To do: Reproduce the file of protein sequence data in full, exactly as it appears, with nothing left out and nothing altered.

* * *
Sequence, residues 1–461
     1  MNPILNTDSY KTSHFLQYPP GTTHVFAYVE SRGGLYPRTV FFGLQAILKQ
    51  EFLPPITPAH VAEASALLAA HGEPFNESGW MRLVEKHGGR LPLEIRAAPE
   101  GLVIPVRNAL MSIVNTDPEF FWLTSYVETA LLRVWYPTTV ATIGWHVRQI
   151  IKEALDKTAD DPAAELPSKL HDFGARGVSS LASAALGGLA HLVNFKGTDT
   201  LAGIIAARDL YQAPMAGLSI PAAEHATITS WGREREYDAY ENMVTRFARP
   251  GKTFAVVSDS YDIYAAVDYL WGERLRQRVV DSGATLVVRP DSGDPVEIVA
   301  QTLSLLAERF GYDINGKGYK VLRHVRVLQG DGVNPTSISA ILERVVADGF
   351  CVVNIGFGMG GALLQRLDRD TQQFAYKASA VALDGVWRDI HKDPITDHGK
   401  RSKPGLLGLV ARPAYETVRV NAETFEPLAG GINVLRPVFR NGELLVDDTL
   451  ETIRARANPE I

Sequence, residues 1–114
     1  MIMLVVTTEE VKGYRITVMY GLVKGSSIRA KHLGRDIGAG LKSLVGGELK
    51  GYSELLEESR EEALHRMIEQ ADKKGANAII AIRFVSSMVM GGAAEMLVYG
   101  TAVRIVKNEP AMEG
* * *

Sequence, residues 1–461
     1  MNPILNTDSY KTSHFLQYPP GTTHVFAYVE SRGGLYPRTV FFGLQAILKQ
    51  EFLPPITPAH VAEASALLAA HGEPFNESGW MRLVEKHGGR LPLEIRAAPE
   101  GLVIPVRNAL MSIVNTDPEF FWLTSYVETA LLRVWYPTTV ATIGWHVRQI
   151  IKEALDKTAD DPAAELPSKL HDFGARGVSS LASAALGGLA HLVNFKGTDT
   201  LAGIIAARDL YQAPMAGLSI PAAEHATITS WGREREYDAY ENMVTRFARP
   251  GKTFAVVSDS YDIYAAVDYL WGERLRQRVV DSGATLVVRP DSGDPVEIVA
   301  QTLSLLAERF GYDINGKGYK VLRHVRVLQG DGVNPTSISA ILERVVADGF
   351  CVVNIGFGMG GALLQRLDRD TQQFAYKASA VALDGVWRDI HKDPITDHGK
   401  RSKPGLLGLV ARPAYETVRV NAETFEPLAG GINVLRPVFR NGELLVDDTL
   451  ETIRARANPE I

Sequence, residues 1–114
     1  MIMLVVTTEE VKGYRITVMY GLVKGSSIRA KHLGRDIGAG LKSLVGGELK
    51  GYSELLEESR EEALHRMIEQ ADKKGANAII AIRFVSSMVM GGAAEMLVYG
   101  TAVRIVKNEP AMEG